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Posted in BP, BP oil disaster, BP oil spill, Deepwater Horizon, Deepwater Horizon Oil Slick | Tagged: , , , , | Leave a Comment »

Gulf of Mexico Oil Leak – Update Apr 28

Posted by feww on April 28, 2010

Prepared for another Major Disaster?

BP: Greedy Like Goldman Sachs

Why Should Big Oil Live to Pollute another Day?

If the economy is designed to serve the people [sic,] how is it that the monetary profit goes to a few and the debt to the environment?

If the leaks in the Gulf of Mexico oil well are not sealed, the spill could become one of the worst disasters  in US history: Coast Guard Rear Admiral Mary Landry

“… this could be one of the most significant oil spills in U.S. history,” she said.

BP, Transocean and rest of the gang should have at least had a fail-safe contingency plan to contain oil leaks and prevent damage to the environment. But they didn’t. Why? Because such things are expensive and hurt their bottom line.

Deepwater Summary and who said what:

  • Crude oil is leaking from two  sources about 1,525m (5,000ft ) under the surface, which have been leaking since Deepwater Horizon platform exploded and sank, but were only discovered  on Saturday.
  • The leaks are spewing at least 1,000 barrels of oil into the gulf of Mexico, near the coast of Louisiana.
  • The resulting oil slick now has a circumference of more than 600 (1,000km) 650 miles covering  about 80,000 sq km (31,000 sq miles), “with areas of emulsified crude approximately 36 miles offshore the coast of Louisiana.”
  • Weather conditions on April 27  hampered clean up operation with winds from northwest, and choppy seas with 3 to 4 foot waves.
  • If the oil reached Louisiana coast, it could destroy coastal ecology, the wildlife and nature reserves, as well as the devastating the state’s fisheries, oyster beds and other marine-based livelihoods, according to an environmentalist at Tulane University.
  • Sealing the leaks with remote-control robotic submersibles could take many months, said US Coast Guard Rear Adm Mary Landry, who is in charge of the clean-up operation.
  • The Coast Guard is considering whether to burn off the oil corralled in the boom, “trying to minimize the environmental impact,” aid a Coast Guard spokesman.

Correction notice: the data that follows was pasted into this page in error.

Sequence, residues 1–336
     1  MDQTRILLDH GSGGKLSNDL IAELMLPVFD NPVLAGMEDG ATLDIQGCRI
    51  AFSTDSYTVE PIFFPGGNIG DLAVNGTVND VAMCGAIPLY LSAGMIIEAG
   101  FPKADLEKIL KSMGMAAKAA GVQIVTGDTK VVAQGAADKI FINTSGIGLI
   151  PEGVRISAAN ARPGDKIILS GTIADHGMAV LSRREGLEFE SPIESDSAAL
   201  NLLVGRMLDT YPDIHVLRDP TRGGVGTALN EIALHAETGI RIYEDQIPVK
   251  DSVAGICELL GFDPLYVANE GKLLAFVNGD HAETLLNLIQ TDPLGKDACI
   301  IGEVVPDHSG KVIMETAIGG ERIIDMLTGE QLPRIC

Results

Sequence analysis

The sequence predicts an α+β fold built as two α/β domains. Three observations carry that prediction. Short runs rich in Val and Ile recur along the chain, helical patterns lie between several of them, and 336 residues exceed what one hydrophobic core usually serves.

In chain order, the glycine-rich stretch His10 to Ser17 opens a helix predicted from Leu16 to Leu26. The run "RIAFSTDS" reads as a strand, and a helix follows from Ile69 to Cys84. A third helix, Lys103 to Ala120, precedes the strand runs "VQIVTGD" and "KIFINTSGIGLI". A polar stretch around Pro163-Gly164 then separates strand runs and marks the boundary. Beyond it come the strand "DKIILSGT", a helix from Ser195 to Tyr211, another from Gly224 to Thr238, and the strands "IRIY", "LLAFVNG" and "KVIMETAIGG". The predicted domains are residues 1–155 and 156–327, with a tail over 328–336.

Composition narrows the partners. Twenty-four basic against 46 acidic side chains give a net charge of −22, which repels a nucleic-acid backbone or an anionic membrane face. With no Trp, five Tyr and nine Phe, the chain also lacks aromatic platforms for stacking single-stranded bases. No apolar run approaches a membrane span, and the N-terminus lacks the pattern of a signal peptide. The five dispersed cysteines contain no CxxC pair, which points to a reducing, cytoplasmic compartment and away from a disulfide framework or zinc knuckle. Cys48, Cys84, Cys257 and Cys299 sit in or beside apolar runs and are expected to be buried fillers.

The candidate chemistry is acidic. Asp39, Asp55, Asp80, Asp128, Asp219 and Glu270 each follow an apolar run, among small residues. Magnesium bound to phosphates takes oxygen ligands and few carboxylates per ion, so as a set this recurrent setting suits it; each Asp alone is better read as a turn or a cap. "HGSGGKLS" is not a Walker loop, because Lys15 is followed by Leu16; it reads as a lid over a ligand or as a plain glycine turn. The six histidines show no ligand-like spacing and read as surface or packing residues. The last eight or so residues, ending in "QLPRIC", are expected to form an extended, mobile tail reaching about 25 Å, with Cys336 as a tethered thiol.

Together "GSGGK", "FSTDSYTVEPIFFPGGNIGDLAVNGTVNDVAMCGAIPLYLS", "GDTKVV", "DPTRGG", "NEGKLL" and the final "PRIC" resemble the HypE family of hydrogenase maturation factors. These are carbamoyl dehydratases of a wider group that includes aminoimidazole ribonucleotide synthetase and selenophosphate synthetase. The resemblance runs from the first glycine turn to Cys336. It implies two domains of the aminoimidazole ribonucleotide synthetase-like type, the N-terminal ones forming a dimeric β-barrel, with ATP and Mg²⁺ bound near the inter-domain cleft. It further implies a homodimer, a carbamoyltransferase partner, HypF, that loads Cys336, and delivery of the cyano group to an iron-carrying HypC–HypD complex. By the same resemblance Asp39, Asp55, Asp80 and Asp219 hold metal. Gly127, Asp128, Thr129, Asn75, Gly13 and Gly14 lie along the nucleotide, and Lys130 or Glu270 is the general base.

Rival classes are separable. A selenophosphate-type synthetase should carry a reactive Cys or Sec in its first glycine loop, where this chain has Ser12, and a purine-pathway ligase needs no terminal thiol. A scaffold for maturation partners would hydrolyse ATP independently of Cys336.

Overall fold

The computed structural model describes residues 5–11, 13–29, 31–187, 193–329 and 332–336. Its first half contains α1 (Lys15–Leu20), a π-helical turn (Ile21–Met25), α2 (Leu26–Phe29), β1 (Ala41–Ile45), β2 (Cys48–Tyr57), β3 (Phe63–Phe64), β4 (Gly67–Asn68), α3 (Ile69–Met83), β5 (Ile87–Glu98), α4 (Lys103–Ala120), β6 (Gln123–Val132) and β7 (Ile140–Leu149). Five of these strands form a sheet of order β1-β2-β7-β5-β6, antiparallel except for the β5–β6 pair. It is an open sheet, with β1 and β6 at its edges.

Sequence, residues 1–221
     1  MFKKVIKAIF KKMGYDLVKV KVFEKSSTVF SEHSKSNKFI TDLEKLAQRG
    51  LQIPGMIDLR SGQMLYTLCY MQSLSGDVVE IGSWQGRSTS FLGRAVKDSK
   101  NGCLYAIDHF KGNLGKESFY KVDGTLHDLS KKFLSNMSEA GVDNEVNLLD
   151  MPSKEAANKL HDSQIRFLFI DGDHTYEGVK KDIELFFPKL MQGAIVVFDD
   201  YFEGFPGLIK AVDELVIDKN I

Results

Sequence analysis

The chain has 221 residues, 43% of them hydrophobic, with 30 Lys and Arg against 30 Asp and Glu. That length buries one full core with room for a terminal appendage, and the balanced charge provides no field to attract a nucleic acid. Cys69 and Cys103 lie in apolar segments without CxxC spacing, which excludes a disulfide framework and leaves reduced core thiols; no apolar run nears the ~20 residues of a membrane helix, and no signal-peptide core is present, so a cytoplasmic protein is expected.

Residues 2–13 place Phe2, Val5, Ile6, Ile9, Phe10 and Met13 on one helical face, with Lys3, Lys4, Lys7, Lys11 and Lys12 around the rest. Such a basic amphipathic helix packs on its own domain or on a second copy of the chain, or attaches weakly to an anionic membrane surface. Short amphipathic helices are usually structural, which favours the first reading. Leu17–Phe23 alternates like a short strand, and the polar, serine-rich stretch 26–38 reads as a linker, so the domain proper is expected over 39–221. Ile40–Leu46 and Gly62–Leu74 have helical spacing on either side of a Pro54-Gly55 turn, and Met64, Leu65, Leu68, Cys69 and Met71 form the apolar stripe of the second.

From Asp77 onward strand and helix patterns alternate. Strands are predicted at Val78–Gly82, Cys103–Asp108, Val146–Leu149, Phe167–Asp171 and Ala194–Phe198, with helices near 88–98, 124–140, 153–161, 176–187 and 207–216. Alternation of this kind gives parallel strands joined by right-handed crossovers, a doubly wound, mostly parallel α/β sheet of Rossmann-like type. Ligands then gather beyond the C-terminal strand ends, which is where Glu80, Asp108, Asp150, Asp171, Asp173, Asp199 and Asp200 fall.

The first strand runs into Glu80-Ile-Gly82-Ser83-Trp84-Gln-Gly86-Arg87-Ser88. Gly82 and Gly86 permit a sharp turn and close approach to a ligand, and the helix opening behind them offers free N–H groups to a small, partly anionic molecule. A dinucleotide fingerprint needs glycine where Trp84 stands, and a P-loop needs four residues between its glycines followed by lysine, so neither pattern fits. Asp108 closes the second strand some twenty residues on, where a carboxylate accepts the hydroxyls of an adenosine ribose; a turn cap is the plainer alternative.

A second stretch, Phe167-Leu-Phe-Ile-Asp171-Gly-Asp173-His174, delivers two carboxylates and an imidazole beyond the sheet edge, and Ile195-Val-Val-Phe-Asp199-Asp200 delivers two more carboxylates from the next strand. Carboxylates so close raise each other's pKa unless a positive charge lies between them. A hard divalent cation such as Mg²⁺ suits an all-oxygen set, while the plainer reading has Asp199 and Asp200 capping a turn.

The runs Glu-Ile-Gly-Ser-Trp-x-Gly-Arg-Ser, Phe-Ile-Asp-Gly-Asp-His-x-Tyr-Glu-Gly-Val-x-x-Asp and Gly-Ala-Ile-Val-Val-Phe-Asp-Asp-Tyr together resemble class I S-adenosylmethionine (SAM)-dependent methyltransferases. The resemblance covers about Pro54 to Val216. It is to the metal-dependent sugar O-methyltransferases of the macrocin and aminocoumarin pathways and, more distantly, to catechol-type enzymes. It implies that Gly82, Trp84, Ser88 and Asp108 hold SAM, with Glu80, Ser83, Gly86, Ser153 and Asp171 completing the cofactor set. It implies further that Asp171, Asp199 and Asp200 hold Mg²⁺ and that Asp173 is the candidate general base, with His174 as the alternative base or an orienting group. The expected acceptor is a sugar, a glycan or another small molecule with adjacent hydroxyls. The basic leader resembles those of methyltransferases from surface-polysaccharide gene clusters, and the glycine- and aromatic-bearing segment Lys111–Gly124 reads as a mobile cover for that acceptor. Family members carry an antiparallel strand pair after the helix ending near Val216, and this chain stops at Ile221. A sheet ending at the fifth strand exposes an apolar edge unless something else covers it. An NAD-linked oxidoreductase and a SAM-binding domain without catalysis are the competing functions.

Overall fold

• “The wind will nudge the oil slick more to the north-northwest,” said a  senior meteorologist at AccuWeather. “It might make it onshore over the southeast Louisiana coast first,” and could later pollute beaches in Mississippi, Alabama and Florida, he said.
  • Other meteorologists also believe a shift in wind could drive the spill to Louisiana coast by the weekend.

Click images to enlarge

BP Horizon Response Current State(2). Source. Creative Commons license.

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Serial No 1,635. Starting April 2010, each entry on this blog has a unique serial number. If any of the numbers are missing, it may mean that the corresponding entry has been blocked by Google/the authorities in your country. Please drop us a line if you detect any anomaly/missing number(s).

Posted in Deepwater Horizon, gulf of mexico, Gulf of Mexico oil Spill, Macondo well | Tagged: , , , , , | 2 Comments »

Gulf Sunken Rig: No Major Spill Yet—Reports

Posted by feww on April 24, 2010

The sunken drilling rig and damaged well in the Gulf of Mexico not leaking for now: The U.S. Coast Guard

The initial oil spill from Deepwater Horizon is about 200 barrels (8,400 gallons/31,800 liters), which is regarded as a “minor spill,” according to the said Coast Guard

The slick was estimated at about 13 kilometers long (8 miles) and 3.5 kilometers (2 miles) wide and  at the last flyover by the Coast Guard, a US Coast Guard spokesman said.

“As of right now, the spill is not growing,” He added.

On  Thursday an unmanned submarine inspected the area, but found no leaks of from the sunken drilling rig and no crude oil flowing from the damaged well, a Transocean representative said.